Craig Ramsay is currently an assistant coach with the Boston Bruins, a position he's held since 2007. (Photo by Francois Lacasse/NHLI via Getty Images)
Rick Dudley began his fourth stint as GM of an NHL team last week when he took the reins in Atlanta from close personal friend and colleague Don Waddell, who was promoted to team president.
Dudley previously managed Ottawa (1998-99), Tampa Bay, where I served as his assistant GM (1999 through February 2002) and Florida (2002-2004). In those previous stops, Dudley inherited coaches Jacques Martin in Ottawa and Mike Keenan in Florida. In Tampa, he hired close friend and former coaching colleague Steve Ludzik.
Dudley recommended his good friend, John Torchetti, replace him as GM of the Detroit Vipers of the old International League when Dudley went to Ottawa in 1998. Dudley then hired Torchetti as an assistant coach in Tampa (1999), as head coach of the Panthers’ top American League affiliate in San Antonio (2002), as interim head coach in Florida (2004) and then recommended Torchetti for an assistant coaching position with Chicago (2007) after Dudley joined the Hawks organization. Torchetti remains with the Blackhawks, but perhaps not for long.
In my opinion, either Torchetti or current Boston Bruins assistant coach, Craig Ramsay, will be the next coach in Atlanta. In addition to his relationship with Torchetti, Dudley also has a long-standing connection to Ramsay. The two played together with the Buffalo Sabres and Dudley has always admired and respected Ramsay’s ability to coach and teach. He hired Ramsay as an associate coach in Tampa (2001) to work with coach John Tortorella and he tried to hire him to coach the Panthers as well in 2003.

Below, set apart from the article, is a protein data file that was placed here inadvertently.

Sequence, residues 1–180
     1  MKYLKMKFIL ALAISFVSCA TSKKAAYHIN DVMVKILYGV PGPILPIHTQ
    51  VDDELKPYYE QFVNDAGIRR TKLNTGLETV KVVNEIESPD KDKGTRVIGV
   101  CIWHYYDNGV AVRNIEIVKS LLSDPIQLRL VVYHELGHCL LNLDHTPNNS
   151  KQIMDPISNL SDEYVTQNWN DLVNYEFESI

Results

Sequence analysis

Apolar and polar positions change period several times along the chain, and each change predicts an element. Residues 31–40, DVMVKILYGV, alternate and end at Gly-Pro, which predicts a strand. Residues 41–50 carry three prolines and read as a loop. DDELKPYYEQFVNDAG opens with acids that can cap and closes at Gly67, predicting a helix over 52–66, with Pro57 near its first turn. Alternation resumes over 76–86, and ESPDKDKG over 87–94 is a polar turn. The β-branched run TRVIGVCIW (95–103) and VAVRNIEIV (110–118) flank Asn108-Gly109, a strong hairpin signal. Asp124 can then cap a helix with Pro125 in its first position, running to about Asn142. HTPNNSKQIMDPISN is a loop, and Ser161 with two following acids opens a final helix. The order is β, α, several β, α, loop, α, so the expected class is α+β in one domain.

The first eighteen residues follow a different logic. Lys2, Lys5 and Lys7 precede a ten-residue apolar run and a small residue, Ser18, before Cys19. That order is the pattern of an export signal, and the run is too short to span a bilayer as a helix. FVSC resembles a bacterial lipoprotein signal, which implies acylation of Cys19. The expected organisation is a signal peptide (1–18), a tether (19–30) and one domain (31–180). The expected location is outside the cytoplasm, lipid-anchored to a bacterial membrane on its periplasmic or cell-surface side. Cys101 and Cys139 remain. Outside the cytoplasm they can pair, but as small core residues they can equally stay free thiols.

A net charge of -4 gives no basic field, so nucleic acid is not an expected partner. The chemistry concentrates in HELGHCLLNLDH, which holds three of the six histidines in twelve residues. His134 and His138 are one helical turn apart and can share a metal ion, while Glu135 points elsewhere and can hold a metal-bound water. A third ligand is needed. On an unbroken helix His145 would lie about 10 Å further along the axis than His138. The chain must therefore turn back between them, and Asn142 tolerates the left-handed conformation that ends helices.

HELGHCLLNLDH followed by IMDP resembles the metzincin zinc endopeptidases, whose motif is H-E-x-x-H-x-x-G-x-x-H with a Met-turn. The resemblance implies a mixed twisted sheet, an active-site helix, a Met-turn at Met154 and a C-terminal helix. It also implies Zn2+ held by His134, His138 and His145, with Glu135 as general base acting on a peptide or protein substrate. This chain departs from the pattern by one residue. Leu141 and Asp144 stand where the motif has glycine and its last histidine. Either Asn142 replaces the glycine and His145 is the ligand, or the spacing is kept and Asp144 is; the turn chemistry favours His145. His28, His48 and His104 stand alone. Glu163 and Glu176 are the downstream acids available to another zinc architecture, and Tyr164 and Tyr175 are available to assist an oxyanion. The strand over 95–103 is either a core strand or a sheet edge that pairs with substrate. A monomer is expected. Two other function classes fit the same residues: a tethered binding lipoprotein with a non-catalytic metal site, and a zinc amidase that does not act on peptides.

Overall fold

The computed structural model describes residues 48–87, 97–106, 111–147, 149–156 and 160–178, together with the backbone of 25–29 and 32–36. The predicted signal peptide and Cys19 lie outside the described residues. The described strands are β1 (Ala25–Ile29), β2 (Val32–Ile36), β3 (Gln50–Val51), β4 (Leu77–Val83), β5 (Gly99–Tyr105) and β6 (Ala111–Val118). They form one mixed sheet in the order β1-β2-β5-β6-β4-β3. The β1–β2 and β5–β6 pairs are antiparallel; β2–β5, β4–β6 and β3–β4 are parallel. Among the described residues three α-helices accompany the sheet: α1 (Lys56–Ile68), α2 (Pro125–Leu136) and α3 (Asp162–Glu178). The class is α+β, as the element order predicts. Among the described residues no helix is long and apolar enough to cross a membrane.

Shortly after Keenan was fired in Florida, Dudley asked me for permission to speak with Ramsay. While I knew ‘Rammer’ wanted to be a head coach again, I was not inclined to release and lose him just one month into the season for the benefit of a division (and in-state) rival. My first priority was to our team and our owner. The fact the Panthers were in disarray and dysfunctional at the time was no reason for us to create an unnecessary distraction and a huge hole in Tampa. Ramsay remained in Tampa and won the Stanley Cup.
Dudley is quoted as saying he wants a “teacher,” someone to be an “educator on the ice.” He wants a coach with “good communication skills, good teaching skills and good technical skills.” Ramsay is one of the best teachers in the game. He is patient, quiet, low-key, supportive, forgiving of mistakes and one of the best storytellers in a league filled with great ones. His technical skills are outstanding; he can match Dudley drill-for-drill and strategy-for-strategy. He also has the experience, resume and gravitas Atlanta needs in its next coach.
It will be interesting to see whether ownership in Atlanta is willing to step up to the plate and pay the going rate for an experienced coach who has led a team to the Eastern Conference final (Philadelphia 2000) and has a Stanley Cup on his coaching resume. This may be the first real test of whether anything is going to change in Atlanta.
Dudley may interview other candidates, but you can already start painting one of those two names on the coach’s parking spot at Philips Arena. It’s just a matter of time.
Jay Feaster is a former GM of the Tampa Bay Lightning, where he took over in 2002 and helped build the team into a Stanley Cup champion in 2004. As he did last season, he will blog on THN.com throughout the 2009-10 campaign. Read his other entries HERE.